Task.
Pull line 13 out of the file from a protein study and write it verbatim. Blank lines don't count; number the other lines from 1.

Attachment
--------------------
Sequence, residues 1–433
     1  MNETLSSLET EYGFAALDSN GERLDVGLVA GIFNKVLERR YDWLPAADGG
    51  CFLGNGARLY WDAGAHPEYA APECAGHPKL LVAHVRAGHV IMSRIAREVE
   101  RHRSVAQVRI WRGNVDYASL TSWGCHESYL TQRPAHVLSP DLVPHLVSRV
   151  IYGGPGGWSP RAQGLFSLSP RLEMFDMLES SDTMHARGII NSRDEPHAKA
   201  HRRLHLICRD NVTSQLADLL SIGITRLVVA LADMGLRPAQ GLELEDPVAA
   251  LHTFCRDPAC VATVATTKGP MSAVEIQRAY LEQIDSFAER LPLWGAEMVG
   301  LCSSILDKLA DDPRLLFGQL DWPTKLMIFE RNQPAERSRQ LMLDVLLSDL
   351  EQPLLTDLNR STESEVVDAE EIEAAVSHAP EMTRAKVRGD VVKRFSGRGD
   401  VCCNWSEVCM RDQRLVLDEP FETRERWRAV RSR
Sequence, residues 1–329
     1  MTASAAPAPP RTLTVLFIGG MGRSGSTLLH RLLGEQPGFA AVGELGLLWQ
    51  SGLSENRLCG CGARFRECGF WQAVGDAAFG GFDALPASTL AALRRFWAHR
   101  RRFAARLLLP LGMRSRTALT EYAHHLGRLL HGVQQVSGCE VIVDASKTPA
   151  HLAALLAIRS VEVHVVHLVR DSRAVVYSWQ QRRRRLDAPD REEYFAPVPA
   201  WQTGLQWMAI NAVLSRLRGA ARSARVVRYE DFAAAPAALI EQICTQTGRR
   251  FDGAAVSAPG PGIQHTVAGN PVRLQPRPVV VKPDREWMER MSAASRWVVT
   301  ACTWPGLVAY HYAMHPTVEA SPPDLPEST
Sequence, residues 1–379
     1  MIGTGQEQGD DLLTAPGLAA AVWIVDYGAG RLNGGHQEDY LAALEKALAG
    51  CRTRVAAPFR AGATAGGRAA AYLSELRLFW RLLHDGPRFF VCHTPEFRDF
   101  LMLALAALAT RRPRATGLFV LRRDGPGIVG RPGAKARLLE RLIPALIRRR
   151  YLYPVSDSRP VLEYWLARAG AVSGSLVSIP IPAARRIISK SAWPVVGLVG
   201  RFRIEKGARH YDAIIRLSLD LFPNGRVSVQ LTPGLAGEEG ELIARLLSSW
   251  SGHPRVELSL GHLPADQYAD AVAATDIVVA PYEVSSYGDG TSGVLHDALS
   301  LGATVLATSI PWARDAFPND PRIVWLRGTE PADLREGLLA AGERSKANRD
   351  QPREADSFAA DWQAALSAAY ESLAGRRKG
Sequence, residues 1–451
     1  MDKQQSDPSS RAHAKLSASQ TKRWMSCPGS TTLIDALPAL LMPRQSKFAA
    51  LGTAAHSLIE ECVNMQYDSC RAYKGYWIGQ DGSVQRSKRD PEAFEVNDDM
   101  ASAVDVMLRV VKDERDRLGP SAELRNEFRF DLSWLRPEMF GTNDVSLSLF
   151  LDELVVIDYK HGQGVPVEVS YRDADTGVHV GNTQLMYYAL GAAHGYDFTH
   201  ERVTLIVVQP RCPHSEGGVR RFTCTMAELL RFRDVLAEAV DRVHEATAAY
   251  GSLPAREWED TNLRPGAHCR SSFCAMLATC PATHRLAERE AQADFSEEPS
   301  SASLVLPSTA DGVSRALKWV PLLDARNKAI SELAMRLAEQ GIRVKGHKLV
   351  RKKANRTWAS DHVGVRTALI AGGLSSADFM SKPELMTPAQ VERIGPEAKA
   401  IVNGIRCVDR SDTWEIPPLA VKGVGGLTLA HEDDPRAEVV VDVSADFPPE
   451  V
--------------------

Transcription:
    51  SGLSENRLCG CGARFRECGF WQAVGDAAFG GFDALPASTL AALRRFWAHR